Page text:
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The 5 Most Lethal Grooming Tips From History

Sometimes, looking good can be murder. Well…suicide, actually.

There’s a lot of pressure on guys to look good these days. With millions of dollars to be made in male grooming products, we’ve been conditioned to believe that it’s no longer acceptable to brush your teeth with Scotch and shave with a butter knife (booo, society. Booo). But no matter how much of a pain in the ass you think your grooming routine is, you can always be thankful you live in slightly more civilized times, where the act of grooming won’t lead to disfigurement, madness, or death…


The Acid Gargle | Licensed to Alpha Media Group 2013

The men of Elizabethan-era London were hot on appearances, sporting dandy clothing and dashing facial hair that’d make a pirate-themed stripper blush. But what’s the point of dressing like a sex-pirate if your roguish grin is stained a suspicious brown color? Keeping your teeth clean is hard without first inventing the toothbrush, so Elizabethans would do their best with toothpicks and rags, and to keep their choppers shiny white they’d gargle with a mouthful of Oil of Vitriol - or, to use its modern name, sulfuric acid. You know, the same thing an ambitious drug lord might use to dissolve the bodies of his rivals with. It’s very possible that sulfuric acid was effective in stripping away plaque, but the more pressing concern would be its ability to also strip away most of your skull.


The Flammable Pee

Getty Images | Licensed to Alpha Media Group 2013

Urine has a handful of redeeming qualities (it’s like a built-in fire extinguisher for minor office fires!), but “pleasant smell” in not one of them. In fact, unless you work in fringe pornography, the fact that your pee smells like, well, pee, needn’t be a problem for anybody but you. Not so in Ancient Rome, where your pee had to smell like roses for some reason. Literally. To achieve this effect, people would drink turpentine – you know, that flammable stuff you use to dissolve paint. While it was apparently quite effective at making urine smell like rose petals, its side effects included renal failure, severe abdominal pain, and death. So, you know, totally worth it.


The Insanity-Foundation | Licensed to Alpha Media Group 2013

Back when having a tan was a sign that you spent your days laboring in the fields as a peasant, being as pale as a Weezer concert in a snowstorm was very much in vogue. To achieve the “Twilight Cosplay Effect," people would apply whitening agents to their faces. If you’ve read this far, it will probably not surprise you in the least to know that these whitening agents were not exactly FDA-approved, and were often packed with lead, mercury, or arsenic, all of which slowly corroded the skin and led to terrible scarring. Naturally, to cover this scarring, even more makeup was applied, resulting in a viscous cycle that presumably ended only when the user had no face left. Face melting wasn’t the only thing that makeup wearers of the time had to worry about, though - toxic metals frequently applied to the skin have a way of seeping into the bloodstream and sending the wearer slowly insane. Could this explain why people are naturally uneasy around mime artists? Probably.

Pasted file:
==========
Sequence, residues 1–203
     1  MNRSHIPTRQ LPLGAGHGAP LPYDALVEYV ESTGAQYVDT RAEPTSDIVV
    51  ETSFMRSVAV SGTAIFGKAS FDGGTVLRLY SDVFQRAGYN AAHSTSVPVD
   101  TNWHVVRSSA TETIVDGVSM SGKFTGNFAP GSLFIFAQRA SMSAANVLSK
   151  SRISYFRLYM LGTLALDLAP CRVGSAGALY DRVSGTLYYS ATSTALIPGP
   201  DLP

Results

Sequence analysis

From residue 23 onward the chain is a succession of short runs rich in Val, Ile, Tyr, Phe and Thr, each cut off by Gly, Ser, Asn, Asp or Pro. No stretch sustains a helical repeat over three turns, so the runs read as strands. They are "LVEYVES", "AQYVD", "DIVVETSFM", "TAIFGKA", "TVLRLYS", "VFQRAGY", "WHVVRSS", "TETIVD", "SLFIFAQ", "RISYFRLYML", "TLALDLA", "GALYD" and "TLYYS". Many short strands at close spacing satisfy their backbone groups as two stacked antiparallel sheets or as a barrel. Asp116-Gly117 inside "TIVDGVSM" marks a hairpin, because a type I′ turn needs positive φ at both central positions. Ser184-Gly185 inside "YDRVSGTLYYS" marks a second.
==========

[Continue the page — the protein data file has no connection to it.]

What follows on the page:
The Poison Eye Bath | Licensed to Alpha Media Group 2013

The eyes are the window to the soul, so if you’re planning on using that soul to seduce somebody, then you’d best make sure your eyes are sparkly clean and free of streaks. These days we have specially formulated, laboratory tested eye drops to help return the sparkle to your eye, but if you lived in 18th century Europe, all you had was Bella Donna, which fans of murder mysteries will no doubt recognize as a fancy-named poison herb. Despite being one of the most toxic plants in the eastern hemisphere, women would apply Bella Donna solutions directly to their eyes in order to make the pupils dilate, which seems like a pretty weak payoff when you consider that the side effect of prolonged use was – surprise! – blindness.


The Bird-Poop Scrub | Licensed to Alpha Media Group 2013

In ancient Greece, male-pattern baldness was as much of a concern as it is today. However, denied the option of continuously soaking their heads in overpriced caffeinated shampoo, the Greeks instead opted to lather up some opium and pigeon shit. There doesn’t seem to be any sensible explanation for this, although it could explain why the spaced out homeless guy at the end of your street has such a healthy head of hair. The only alternative for the Greeks was offered was when they noticed that eunuchs tended not to succumb to baldness. However, even a people willing to cover themselves in bird feces had to admit that castration was a little too extreme a remedy for a receding hairline.


Check out 5 Surprisingly Badass Things Invented By The French or The 10 Toughest Things About Being A DJ

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